According to testimony, Shermon Scales was working as a cook at Kentucky Fried Chicken on the morning of April 19, 2009. While he was at work, James Pointer fled from Officer Alan Wheeles during a traffic stop, starting a chase. Pointer eventually bailed out of his vehicle while it was still moving and jumped into the ditch between the old Food World shopping center and KFC. According to testimony from law enforcement, Pointer fell on his hands, and refused to show them to officers. Wheeles hit him twice in the thigh with his baton to make him comply.
At this point, Scales and the other KFC employees had come out to see what the commotion was. In his own testimony, Scales said he saw seven or eight officers in the ditch, at least two of whom were beating on Pointer while he was handcuffed. Scales also testified that he saw Pointer, who he did not know, being pepper sprayed.
Pointer himself never complained of police brutality, according to the testimony.
Scales said he took four to six photographs of the beating with the camera on his cell phone, and when Pointer was being led to a patrol car, he began yelling to him, “I got your back” and “they’re doing you wrong.”
Wheeles asked to see the photos, and Scales refused. He also refused to give his last name, and was arrested for obstruction of government operations. In the complaint accompanying the arrest, Wheeles wrote that Scales was arrested for not showing the pictures, although both sides conceded that he did not have to.
After he was arrested, Police Lt. Alan Kelley said he saw four to six photos on the phone, which was then given to the officer transporting Scales to the jail. The phone was returned to him when he was released, about an hour and 40 minutes later.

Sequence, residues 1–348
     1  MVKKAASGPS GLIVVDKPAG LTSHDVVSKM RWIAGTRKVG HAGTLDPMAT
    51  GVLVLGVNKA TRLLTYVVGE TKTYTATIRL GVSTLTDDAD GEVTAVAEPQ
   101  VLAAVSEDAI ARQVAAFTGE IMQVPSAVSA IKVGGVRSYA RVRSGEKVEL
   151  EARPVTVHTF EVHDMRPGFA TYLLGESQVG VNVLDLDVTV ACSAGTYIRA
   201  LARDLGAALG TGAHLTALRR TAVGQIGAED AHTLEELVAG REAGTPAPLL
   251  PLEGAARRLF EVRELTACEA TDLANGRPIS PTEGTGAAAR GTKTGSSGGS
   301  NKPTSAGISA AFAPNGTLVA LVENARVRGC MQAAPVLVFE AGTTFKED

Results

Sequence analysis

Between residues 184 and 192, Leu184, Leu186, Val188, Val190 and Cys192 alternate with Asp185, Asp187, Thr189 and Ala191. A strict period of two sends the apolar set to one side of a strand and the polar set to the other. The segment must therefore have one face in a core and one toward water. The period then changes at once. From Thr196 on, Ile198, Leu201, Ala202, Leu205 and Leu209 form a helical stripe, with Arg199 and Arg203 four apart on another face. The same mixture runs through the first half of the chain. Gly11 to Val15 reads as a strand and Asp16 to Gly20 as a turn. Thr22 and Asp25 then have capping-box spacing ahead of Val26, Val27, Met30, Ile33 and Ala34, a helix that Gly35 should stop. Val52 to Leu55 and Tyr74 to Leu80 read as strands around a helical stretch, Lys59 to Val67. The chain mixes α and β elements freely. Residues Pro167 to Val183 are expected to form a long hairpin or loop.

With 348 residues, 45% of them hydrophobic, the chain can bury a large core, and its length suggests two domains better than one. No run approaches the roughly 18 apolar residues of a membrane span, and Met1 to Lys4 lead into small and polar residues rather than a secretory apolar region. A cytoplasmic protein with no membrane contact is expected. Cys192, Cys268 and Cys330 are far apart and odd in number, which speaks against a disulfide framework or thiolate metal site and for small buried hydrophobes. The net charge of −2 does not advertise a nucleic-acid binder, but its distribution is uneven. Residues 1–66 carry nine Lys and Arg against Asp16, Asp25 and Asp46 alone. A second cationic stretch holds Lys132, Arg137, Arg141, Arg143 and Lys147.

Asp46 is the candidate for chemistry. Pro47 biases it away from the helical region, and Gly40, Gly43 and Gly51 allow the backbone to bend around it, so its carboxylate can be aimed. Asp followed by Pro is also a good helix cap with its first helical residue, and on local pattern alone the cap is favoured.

He was tried in Talladega Municipal Court in June and was acquitted.
Scales testified that all but two of the pictures had been deleted. Police Chief Alan Watson visited Scales in person at his job, and said he was shown two pictures, which were different from the ones still on the phone.
Scales consistently refused to let the phone be examined by the state Department of Forensic Sciences to determine when the photos had been deleted and what they had depicted beforehand. He said attorney Steve Adcock had advised him not to turn over the phone because the state could not guarantee the integrity of the phone after examining it. The phone has been in Adcock’s office for the past three years.
During the time between his arrest and his trial, Scales said he had difficulty sleeping and suffered deep embarrassment and humiliation after being handcuffed in front of his co-workers and most of his family. He also claimed that having to state he had been arrested may have cost him some jobs because he had it listed on his application.
In fact, Scales had been arrested once before, for rent fraud. He was convicted in municipal court but appealed to circuit court, where he was acquitted. He said this arrest did not count because he had not been handcuffed or gone to jail.
Contact Chris Norwood at firstname.lastname@example.org.